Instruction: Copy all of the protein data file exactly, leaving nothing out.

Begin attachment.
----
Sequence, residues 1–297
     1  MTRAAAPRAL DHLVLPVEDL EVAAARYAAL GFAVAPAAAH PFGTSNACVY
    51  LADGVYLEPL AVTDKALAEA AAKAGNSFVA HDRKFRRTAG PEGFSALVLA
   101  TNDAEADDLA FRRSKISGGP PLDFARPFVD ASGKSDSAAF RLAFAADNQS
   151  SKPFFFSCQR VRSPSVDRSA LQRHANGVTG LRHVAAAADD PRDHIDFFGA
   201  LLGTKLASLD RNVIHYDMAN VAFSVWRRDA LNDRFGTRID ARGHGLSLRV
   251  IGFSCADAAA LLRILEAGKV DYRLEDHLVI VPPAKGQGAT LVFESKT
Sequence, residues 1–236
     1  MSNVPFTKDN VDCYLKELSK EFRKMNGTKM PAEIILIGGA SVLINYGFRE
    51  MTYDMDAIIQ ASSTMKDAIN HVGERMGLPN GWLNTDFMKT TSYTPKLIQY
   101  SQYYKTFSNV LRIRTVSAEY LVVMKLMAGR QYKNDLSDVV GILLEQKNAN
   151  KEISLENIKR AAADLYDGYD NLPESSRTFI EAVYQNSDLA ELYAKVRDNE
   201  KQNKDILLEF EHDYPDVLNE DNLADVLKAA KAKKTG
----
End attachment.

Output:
Sequence, residues 1–297
     1  MTRAAAPRAL DHLVLPVEDL EVAAARYAAL GFAVAPAAAH PFGTSNACVY
    51  LADGVYLEPL AVTDKALAEA AAKAGNSFVA HDRKFRRTAG PEGFSALVLA
   101  TNDAEADDLA FRRSKISGGP PLDFARPFVD ASGKSDSAAF RLAFAADNQS
   151  SKPFFFSCQR VRSPSVDRSA LQRHANGVTG LRHVAAAADD PRDHIDFFGA
   201  LLGTKLASLD RNVIHYDMAN VAFSVWRRDA LNDRFGTRID ARGHGLSLRV
   251  IGFSCADAAA LLRILEAGKV DYRLEDHLVI VPPAKGQGAT LVFESKT
Sequence, residues 1–236
     1  MSNVPFTKDN VDCYLKELSK EFRKMNGTKM PAEIILIGGA SVLINYGFRE
    51  MTYDMDAIIQ ASSTMKDAIN HVGERMGLPN GWLNTDFMKT TSYTPKLIQY
   101  SQYYKTFSNV LRIRTVSAEY LVVMKLMAGR QYKNDLSDVV GILLEQKNAN
   151  KEISLENIKR AAADLYDGYD NLPESSRTFI EAVYQNSDLA ELYAKVRDNE
   201  KQNKDILLEF EHDYPDVLNE DNLADVLKAA KAKKTG